I looked at this bullet-ridden corpse and experienced an upwelling of admiration, respect, and even awe, for this man who had directed his artillery on our unit… and in the end, on himself. I considered how he had been deliberately and consciously ready to face death in defense of his country, just as I had been a couple of days prior while crossing the bridge of fire. My feelings of identification and admiration were not shared by my fellow soldiers. In fact, a fellow officer rushed toward the body and took the bayonet off his gun, both as memorabilia and as an attempt to humiliate the enemy. I was unexpectedly overcome with rage and hatred towards this man’s lack of acknowledgement of the bravery of the monkey. I instinctively wanted to protect his body, and at the bare minimum, have our unit spend a few seconds around it to honor the complex relationship that we had with our enemy. I did feel hatred towards the threat he had posed to myself and my soldiers, yet I also was touched by his sacrifice and courage. I was very aware that I could have been the one to be riddled with bullets just a couple of days earlier on the bridge.

In effect, this is what we soldiers are about: walking the tightrope of potential sacrifice while defending our country as heroes. Yet, I suspected that the monkey, like me, had not viewed his defiance of death and willingness to sacrifice as particularly brave or heroic. Rather, his act was a way to embrace life in its fullest. Ironically, saying ‘Yes to life’ meant also saying ‘Yes to death.’

Idiotic Myth: “Israeli Paratroopers Don’t Get PTSD”

Right after this bizarre scene with my doctor, I started training myself to walk again. I rejected any physical therapy and spent long nights, all alone, walking on the hospital room porch, holding on to the rail, and ‘silently’ crying in pain. When I eventually went back to the Hebrew University in Jerusalem to continue my studies, I also went back to riding my motorcycle and playing basketball on the university team. The subsequent surgeon, unusually but effectively, used my performance on the basketball court as a yardstick to measure when I was ready for the next surgery. Obviously, this injury was followed by a few years of intense pain, determination, surgeries, rehab, deep contemplation, and finally, full recovery in spite of a very poor prognosis. It took me many years to attend to the traumatic aspect of the war injury & war experience and numerous other traumas I’d experienced in my lifetime and embrace the illuminating concept of Post Traumatic Growth (PTG) rather than Post Traumatic Stress Disorder (PTSD).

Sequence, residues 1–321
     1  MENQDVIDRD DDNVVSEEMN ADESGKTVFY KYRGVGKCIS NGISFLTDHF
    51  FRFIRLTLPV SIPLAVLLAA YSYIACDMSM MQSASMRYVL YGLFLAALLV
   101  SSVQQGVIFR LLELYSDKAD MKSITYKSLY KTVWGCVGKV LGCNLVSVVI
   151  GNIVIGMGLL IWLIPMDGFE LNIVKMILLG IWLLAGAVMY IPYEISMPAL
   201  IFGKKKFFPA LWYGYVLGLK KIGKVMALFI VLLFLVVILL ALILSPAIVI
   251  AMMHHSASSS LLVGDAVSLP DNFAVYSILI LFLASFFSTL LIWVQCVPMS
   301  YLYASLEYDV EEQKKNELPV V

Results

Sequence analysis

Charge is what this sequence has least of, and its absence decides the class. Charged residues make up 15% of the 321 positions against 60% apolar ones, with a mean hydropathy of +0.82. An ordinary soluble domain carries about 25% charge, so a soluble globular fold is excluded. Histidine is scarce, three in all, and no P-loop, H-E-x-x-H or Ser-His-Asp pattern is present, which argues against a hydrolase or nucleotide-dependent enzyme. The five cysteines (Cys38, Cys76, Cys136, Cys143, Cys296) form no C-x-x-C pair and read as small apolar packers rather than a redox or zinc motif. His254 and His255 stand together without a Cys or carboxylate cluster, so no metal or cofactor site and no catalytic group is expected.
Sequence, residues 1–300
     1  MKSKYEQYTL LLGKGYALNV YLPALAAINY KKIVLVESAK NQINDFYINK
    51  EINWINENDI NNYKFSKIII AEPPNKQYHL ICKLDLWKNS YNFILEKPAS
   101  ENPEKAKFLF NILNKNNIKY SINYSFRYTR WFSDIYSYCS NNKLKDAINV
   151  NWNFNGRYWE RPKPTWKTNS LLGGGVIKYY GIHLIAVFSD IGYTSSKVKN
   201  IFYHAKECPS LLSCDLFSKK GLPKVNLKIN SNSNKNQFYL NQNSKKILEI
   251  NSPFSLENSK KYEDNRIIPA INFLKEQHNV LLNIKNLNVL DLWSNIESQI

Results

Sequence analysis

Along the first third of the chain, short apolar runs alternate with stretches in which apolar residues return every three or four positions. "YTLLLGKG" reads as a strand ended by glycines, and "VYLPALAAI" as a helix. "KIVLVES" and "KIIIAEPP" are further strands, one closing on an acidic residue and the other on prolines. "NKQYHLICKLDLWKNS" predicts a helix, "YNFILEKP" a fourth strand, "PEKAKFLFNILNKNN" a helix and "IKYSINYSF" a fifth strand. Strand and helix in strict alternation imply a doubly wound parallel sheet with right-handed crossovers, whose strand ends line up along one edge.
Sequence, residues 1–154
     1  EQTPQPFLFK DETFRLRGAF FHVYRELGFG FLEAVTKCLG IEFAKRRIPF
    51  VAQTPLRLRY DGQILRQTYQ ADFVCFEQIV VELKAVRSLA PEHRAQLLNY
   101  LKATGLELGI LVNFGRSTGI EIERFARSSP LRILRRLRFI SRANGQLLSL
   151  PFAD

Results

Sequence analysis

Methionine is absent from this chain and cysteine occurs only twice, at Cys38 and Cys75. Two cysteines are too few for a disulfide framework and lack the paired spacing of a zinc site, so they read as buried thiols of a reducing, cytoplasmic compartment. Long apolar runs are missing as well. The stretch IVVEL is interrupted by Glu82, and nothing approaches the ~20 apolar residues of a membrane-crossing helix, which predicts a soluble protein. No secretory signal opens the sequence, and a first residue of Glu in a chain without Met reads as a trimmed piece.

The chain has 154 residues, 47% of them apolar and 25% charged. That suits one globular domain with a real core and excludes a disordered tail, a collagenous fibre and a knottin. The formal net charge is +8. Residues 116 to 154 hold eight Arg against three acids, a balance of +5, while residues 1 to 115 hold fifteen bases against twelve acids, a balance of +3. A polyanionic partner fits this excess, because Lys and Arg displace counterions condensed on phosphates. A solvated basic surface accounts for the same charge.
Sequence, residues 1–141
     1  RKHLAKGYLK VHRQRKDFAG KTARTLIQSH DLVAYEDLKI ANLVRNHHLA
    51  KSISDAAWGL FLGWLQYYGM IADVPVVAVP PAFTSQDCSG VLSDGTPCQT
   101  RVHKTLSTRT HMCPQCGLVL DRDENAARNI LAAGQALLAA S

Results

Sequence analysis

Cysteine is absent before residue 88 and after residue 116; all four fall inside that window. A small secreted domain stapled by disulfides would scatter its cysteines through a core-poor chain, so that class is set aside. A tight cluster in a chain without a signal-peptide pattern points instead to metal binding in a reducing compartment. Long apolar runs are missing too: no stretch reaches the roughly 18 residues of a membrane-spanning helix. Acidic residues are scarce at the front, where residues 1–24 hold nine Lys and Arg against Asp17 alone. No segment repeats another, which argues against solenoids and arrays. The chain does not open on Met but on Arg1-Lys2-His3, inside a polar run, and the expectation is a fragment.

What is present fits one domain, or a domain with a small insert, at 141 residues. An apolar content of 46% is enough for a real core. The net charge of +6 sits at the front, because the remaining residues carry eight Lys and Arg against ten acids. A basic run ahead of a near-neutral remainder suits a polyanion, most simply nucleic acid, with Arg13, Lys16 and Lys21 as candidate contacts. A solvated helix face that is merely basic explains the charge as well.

The “Betraying son”

Working as an oceanographer in Dahab, I was extremely lucky to be mentored and kind of ‘adopted’ by my boss, a kind and brilliant scientist. He taught me the basics of marine biology, we went on exciting diving and sailing excursions in the Red Sea, and were close friends. About two years into the relationship, standing on my research raft in the middle of the bay, I was excited to tell him that I was heading to East Africa to apply what he had taught me, to do research on fish ponds. I expected him to be proud of me and was utterly shocked when he exploded in rage and actually came at me jabbing his fists. I learned a few years later that it was similar to what happened when Freud turned on Jung, as Jung announced that he was going to pursue his very own new track of Jungian psychology. Almost exactly the same way Freud exploded on Jung, my friend and mentor called me the “betraying son”, erupting with accusations of how ungrateful I was and how I would not amount to anything without him. To punctuate this archetypal scene, we got into an actual (rather spectacular) fist-fight on the research raft on the beautiful clear water of the Red Sea. Learning from this experience, I have taught numerous supervisors and mentors over my long career about the difficult challenge for mentors-supervisors to ultimately graciously accept their supervisee as equals who have their own path and who, at times, may even surpass them.

Re-Thinking “Don’t Blame the Victim”

In the mid 1990’s, I took on debunking the myth that all victims are always innocent and invited people to re-think the then prevalent belief in the dictum, “Don’t Blame the Victim.” While some victims are truly innocent (e.g., abused children) others thrive on being victims. The victim’s stance is a powerful one and was erroneously framed as: The victim is always morally right, neither responsible nor accountable, and forever entitled to sympathy. That perception has since changed to some degree, I am pleased to say.

Debunking Myth: Dual Relationships are Unethical

In the mid 1990s, I stepped into the ring to dispute the whole notion of the so-called depravity and danger of dual relationships in psychotherapy and counseling and, through my writing and teaching, emphasized the importance of healthy connections and community. In 2002, I co-authored, with Dr. Arnold A. Lazurus, a break-through book, Dual Relationships and Psychotherapy, on the eponymous subject.

APA DID Publish my Boundaries Book